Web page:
The cases Ms. Castrillon presented at the Case Law Update involved medical treatment, statute of limitations, pretrial rules, motions to enforce agreements, one-time change in medical providers, payment of temporary disability benefits, payment of advances on compensation, evidence and independent medical examinations.

One important case to recently come out of the 1st District Court of Appeals in Florida,  is Myers v. Pasco County School Board, No. 1D17-5457 (Fla. 1st DCA 2018),  where an injured worker was seeking a one-time change from her orthopedic surgeon to a new orthopedist.  The insurance company provided the injured worker, Myers, with a neur  osurgeon instead because that doctor was likely more favorable to the insurance company.  Myers attorney filed a claim against the Employer/Carrier arguing that a neurosurgeon is a different medical specialty that an orthopedic and that it was not appropriate to send the injured worker to a different specialty without a referral.  At the lower court level, the Judge agreed with the Employer/Carrier and said that the specialty of the physician is close enough that both of these types of doctors can treat similar medical conditions.  So the Court said this was substantial compliance with Myer’s request.  However, this case was then sent up on appeal and the 1st District Court of Appeals did not agree with the Judge and ordered the Employer/Carrier to provide the injured workers with a new doctor within the same medical specialty as he requested, orthopedics.  This case made it clear to the employer and insurance carrier that the rules are being strictly construed and when an injured worker asks for an “orthopedic,” they must be provided with exactly what they request.

Unintentional falls are among the leading causes of accidental injury in the state of Florida. According to data published by the Florida Department of Health, falls are the leading cause of death for people over the age of 65. During the year 2012 alone the economic impact of unintentional fall accidents was in excess of $3.6 billion statewide. The median medical admission charge was slipped on wet floor injurymore than $46,000.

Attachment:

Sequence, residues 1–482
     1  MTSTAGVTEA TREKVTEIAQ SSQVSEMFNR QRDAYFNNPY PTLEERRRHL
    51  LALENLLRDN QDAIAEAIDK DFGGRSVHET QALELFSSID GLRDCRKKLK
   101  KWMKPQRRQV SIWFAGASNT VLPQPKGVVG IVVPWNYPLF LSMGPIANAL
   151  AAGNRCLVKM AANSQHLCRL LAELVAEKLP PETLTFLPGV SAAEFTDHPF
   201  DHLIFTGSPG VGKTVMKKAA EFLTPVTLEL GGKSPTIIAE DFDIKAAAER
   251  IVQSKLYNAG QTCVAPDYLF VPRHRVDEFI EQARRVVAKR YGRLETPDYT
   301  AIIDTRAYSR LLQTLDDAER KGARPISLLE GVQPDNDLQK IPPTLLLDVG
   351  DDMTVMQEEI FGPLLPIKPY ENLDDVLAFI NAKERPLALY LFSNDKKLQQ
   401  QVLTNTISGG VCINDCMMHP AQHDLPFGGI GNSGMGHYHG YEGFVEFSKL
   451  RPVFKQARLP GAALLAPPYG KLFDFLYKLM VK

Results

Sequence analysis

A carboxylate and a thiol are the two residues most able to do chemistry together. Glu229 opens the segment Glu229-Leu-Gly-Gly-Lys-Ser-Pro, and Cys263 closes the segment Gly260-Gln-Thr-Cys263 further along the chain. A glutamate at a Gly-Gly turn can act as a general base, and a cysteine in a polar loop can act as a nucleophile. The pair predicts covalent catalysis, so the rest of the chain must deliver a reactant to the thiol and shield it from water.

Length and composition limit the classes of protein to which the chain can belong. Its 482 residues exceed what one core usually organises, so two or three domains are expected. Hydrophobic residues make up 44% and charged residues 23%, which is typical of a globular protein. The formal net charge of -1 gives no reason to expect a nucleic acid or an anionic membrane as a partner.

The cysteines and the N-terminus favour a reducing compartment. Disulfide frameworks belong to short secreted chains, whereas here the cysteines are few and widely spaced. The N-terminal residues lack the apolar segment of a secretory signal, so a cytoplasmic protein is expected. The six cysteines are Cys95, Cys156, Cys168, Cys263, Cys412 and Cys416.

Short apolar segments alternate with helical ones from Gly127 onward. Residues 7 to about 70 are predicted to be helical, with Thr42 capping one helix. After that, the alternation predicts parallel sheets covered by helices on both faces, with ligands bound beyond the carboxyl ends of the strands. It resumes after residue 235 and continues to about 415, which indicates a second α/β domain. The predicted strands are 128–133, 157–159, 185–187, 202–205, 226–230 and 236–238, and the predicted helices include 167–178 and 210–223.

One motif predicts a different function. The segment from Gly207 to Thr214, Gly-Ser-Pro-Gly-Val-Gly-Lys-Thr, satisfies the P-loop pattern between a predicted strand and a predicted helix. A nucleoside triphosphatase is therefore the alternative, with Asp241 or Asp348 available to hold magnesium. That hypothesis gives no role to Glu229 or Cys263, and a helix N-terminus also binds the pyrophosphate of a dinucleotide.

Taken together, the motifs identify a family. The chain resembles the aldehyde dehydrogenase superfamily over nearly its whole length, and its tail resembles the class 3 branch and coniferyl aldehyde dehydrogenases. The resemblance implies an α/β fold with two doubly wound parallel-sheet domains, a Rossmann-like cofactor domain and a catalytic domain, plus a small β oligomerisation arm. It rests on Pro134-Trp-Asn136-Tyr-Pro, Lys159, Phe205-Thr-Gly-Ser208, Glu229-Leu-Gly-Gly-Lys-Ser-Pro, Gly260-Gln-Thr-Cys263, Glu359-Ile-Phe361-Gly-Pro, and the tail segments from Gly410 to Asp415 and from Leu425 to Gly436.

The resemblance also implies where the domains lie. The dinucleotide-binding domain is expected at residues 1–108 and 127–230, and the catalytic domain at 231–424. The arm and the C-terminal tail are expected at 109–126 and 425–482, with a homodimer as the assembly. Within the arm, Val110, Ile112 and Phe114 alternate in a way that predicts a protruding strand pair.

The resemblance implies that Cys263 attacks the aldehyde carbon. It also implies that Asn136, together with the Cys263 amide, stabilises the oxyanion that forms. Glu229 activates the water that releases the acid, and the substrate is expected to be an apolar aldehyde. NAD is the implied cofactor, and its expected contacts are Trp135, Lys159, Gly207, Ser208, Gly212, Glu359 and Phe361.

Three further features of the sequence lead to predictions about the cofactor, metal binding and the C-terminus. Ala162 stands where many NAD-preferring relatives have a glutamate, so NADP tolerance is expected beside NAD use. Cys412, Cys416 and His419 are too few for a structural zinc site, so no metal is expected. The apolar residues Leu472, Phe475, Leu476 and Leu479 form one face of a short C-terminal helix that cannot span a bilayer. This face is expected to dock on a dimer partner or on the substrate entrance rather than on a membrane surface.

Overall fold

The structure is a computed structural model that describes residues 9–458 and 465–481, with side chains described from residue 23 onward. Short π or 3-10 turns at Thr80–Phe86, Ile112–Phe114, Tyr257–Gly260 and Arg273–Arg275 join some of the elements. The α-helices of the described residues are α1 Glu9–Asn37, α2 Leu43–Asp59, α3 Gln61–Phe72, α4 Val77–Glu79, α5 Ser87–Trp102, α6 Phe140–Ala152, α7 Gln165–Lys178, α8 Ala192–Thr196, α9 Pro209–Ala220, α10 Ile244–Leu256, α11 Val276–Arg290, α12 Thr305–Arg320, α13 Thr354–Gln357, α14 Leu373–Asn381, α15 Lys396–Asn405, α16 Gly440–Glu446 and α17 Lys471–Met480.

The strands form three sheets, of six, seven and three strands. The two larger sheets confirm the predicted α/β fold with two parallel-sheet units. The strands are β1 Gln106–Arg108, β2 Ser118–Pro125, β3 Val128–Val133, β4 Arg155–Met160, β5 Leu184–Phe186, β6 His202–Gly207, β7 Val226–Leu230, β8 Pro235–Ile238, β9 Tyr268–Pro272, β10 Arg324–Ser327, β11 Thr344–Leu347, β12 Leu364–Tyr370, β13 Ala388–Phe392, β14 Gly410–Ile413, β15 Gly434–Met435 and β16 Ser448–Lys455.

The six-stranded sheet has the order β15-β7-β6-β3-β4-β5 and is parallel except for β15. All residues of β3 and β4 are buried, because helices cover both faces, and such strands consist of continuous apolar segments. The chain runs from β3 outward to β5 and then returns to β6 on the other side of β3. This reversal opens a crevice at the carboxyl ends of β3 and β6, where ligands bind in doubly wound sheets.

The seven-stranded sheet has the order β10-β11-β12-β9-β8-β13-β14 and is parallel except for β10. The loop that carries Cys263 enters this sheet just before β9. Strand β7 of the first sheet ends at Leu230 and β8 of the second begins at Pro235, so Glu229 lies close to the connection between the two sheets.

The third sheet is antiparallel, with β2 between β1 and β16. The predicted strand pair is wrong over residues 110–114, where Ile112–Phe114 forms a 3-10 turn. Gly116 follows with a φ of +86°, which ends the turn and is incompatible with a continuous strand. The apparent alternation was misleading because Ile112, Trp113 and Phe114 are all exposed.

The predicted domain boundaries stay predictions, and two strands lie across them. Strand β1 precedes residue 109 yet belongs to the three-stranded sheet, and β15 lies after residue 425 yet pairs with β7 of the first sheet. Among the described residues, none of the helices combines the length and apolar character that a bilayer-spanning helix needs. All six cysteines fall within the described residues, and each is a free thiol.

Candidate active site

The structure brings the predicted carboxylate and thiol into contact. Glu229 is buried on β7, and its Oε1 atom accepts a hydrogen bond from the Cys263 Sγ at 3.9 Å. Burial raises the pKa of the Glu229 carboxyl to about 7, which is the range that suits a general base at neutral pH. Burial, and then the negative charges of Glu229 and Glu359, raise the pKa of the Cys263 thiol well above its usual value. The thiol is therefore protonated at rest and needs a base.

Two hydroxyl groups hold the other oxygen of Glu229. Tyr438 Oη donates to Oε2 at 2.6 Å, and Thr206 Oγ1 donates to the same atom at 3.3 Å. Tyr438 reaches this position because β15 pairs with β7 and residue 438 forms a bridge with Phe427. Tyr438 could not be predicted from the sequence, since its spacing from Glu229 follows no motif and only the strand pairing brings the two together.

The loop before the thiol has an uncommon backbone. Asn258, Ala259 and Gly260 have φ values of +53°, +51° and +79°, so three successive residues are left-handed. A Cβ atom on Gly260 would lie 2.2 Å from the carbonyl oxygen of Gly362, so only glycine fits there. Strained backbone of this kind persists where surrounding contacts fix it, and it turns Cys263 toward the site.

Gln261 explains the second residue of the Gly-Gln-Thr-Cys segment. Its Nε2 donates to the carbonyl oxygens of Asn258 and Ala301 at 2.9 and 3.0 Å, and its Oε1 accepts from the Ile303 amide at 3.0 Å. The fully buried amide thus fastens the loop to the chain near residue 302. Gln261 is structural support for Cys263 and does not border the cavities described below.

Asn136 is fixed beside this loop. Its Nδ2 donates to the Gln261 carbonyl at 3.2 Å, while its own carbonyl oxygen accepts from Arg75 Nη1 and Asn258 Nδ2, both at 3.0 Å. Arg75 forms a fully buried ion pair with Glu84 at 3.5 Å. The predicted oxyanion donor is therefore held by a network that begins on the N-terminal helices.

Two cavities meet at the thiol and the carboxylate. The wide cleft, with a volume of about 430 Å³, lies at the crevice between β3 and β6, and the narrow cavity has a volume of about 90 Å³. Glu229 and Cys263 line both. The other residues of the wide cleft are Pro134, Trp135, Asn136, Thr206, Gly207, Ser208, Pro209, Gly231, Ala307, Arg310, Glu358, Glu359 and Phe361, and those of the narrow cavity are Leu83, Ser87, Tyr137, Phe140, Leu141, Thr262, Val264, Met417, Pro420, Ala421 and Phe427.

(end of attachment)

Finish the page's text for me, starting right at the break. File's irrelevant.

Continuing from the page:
The circumstances leading to a slipped on wet floor injury in South Florida vary widely from case to case. They might involve employees of the business, customers or invited guests on private property. The most common injuries that resulted from unintentional falls during the year 2012 included:

  • Hip fractures,

It is our pleasure to announce that Diana I. Castrillon, Esq. has now joined Freeman Injury Law where she will be founding and managing the Claimant’s Workers’ Compensation department.

Ms. Castrillon has been in practice for over 17 years in the State of Florida.  Diana started her practice as a defense attorney representing insurance companies, and for the last 15 years, Ms. Castrillon has been representing only injured workers in Workers Compensation cases.  Diana obtained her undergraduate degree from the University of Florida in 1997 with honors and her law degree from Nova Southeastern University in 2001 with high honors.  She has been an active member of the Florida Bar since 2001.

In 2018, Ms. Castrillon was named Chair of the Year by the Broward County Bar Association for her work in the Workers’ Compensation section providing services to the legal community. Before that, in 2004, she was named Outstanding Female Lawyer by the Woman’s Lawyers Journal.